The Split-Speed Limit Effect: That “Oh Crap” Look on Drivers’ Faces

Written by Gary Biller, NMA President

This post originally appeared in July 2019 as NMA Weekly Newsletter #548.

Split speed limits, where certain commercial vehicles such as large trucks are forced to travel at lower speeds than surrounding traffic, are anathema to truckers and car drivers alike. That is why the NMA and the Owner-Operator Independent Drivers Association (OOIDA) have often joined forces to oppose the posting of split speeds and the use of governors on trucks to limit the top speed of travel. This joint national press release from the two organizations a few years ago is an example of our unified position rooted in safety concerns.  

Uniform traffic flow avoids unnecessary vehicle interactions, whereas differential speeds create more braking, accelerating, and lane changing maneuvers. Those actions bring an increased risk of collision. So too does limiting a truck driver’s ability to avoid or prevent an accident by speeding up, as circumstances sometimes dictate.  

And yet, as Arkansas Member and former truck driver Tom Beckett has pointed out, another national movement is afoot to create a national regulation to install speed-limiting devices on large trucks to limit their top speed to 65 mph. Georgia Senator Johnny Isakson and Delaware Senator Christopher Coons introduced Senate Bill 2033 to the U.S. Congress on June 27th to do just that. S2033 currently sits with the Senate Commerce, Science, and Transportation Committee. 

In a note to the NMA, Tom added observations from his experience as a truck driver to support his (and our) opposition to such legislation:

By creating a slower class of vehicles, it is necessary for the faster traffic to constantly make lane changes to pass the slower trucks. I have experience with this from both the trucker and car driver angles. As a truck driver, I constantly had to be aware of other four-wheelers since they often made lane changes that were questionable from a safety standpoint. As a car driver, I found it daunting to have to cross through two lanes of plodding behemoths just to get into a place where I could run a reasonable speed or to get back off of the highway.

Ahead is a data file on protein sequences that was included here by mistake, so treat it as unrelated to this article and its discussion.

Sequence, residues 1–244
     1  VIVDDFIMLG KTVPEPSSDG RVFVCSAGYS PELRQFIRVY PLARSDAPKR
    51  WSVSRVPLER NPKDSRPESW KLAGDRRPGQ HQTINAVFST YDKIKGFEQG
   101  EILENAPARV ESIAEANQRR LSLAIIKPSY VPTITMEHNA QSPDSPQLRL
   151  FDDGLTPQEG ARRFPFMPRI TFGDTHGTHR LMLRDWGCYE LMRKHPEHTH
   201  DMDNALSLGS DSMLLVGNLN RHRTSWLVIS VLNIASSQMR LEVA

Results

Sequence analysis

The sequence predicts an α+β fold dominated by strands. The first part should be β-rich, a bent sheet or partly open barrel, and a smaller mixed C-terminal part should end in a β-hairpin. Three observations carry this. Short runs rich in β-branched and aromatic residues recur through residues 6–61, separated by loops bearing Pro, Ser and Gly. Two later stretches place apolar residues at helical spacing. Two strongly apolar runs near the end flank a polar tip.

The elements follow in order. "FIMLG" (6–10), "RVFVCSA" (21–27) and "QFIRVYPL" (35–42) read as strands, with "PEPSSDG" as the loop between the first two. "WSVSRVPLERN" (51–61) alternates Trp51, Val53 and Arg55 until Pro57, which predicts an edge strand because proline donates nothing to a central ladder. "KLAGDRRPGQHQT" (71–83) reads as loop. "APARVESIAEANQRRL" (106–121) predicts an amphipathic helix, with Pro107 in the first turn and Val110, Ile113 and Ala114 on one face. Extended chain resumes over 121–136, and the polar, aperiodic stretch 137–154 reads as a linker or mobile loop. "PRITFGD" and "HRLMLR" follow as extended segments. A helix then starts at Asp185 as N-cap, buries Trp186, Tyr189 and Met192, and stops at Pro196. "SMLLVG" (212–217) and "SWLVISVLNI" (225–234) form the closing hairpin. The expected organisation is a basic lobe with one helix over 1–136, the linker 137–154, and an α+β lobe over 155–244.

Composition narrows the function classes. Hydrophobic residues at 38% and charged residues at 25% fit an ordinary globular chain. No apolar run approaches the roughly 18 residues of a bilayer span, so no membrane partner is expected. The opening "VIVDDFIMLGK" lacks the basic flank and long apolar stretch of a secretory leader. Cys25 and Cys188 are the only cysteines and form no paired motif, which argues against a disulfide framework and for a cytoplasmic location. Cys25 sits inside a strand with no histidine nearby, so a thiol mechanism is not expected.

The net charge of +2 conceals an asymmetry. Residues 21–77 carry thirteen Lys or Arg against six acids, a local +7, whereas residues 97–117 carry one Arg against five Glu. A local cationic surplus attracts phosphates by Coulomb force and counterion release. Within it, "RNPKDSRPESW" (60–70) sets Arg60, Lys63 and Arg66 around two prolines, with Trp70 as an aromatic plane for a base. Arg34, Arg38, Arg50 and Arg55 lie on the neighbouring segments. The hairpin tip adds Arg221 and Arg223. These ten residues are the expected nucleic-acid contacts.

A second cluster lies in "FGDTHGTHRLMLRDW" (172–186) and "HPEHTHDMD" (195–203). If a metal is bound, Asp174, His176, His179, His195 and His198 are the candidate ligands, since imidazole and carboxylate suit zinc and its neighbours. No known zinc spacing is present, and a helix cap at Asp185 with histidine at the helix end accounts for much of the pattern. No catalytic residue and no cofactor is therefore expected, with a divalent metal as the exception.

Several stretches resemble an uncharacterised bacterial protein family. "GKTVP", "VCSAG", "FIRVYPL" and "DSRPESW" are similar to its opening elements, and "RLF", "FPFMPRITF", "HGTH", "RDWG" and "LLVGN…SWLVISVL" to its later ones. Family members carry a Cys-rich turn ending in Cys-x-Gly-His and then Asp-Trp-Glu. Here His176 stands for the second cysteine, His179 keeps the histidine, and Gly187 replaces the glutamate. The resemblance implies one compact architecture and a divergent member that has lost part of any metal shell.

As it is, most of the big fleets govern their truck speed in the high 60s to low 70s. This is fast enough to keep them in, or reasonably close to, the flow of traffic. Some carriers govern their trucks in the mid-60s. On 70 and 75 mph roads where I do most of my driving, that’s slow enough to be a traffic hazard. The safest situation is where most traffic is going at approximately the same speed. It limits the need for lane changes resulting from traffic conflicts. 

It still irks me that my former employer became part of the problem when, in June 1996, they decided to limit their trucks to 59 mph (!!) just as many states were going to 70 mph speed limits. After that, I spent more time looking in my rearview mirror than forward, and I can’t tell you how many times I saw a car coming up behind me at speed, only to see that, “Oh Crap!!” look on the driver’s face when he realized that I was going a lot slower than he was. 

Is this really what we want on a nationwide basis? The forced 55 mph speed limit was an unmitigated failure. A 65 mph restriction on trucks in a 75 mph environment will only cause congestion and waste truckers’ time for no appreciable gain in safety. It may make our roadways less safe. This bill, S2033, needs to be dropped.

We are tracking Senate Bill 2033. It is not yet on the docket of the Commerce, Science, and Transportation Committee, but once it is we will notify NMA members so that you can voice your opposition to the bill. The best way to kill it is not to let it get out of committee.

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One Response to “The Split-Speed Limit Effect: That “Oh Crap” Look on Drivers’ Faces”

  1. Greg says:

    The German Autobahn offers an interesting counterpoint to this essay. “unrestricted” portions of the Autobahn still limit trucks to 100kph. Rechts fahren ( keep right except to pass ) makes the incredible speed differentials there safe and workable.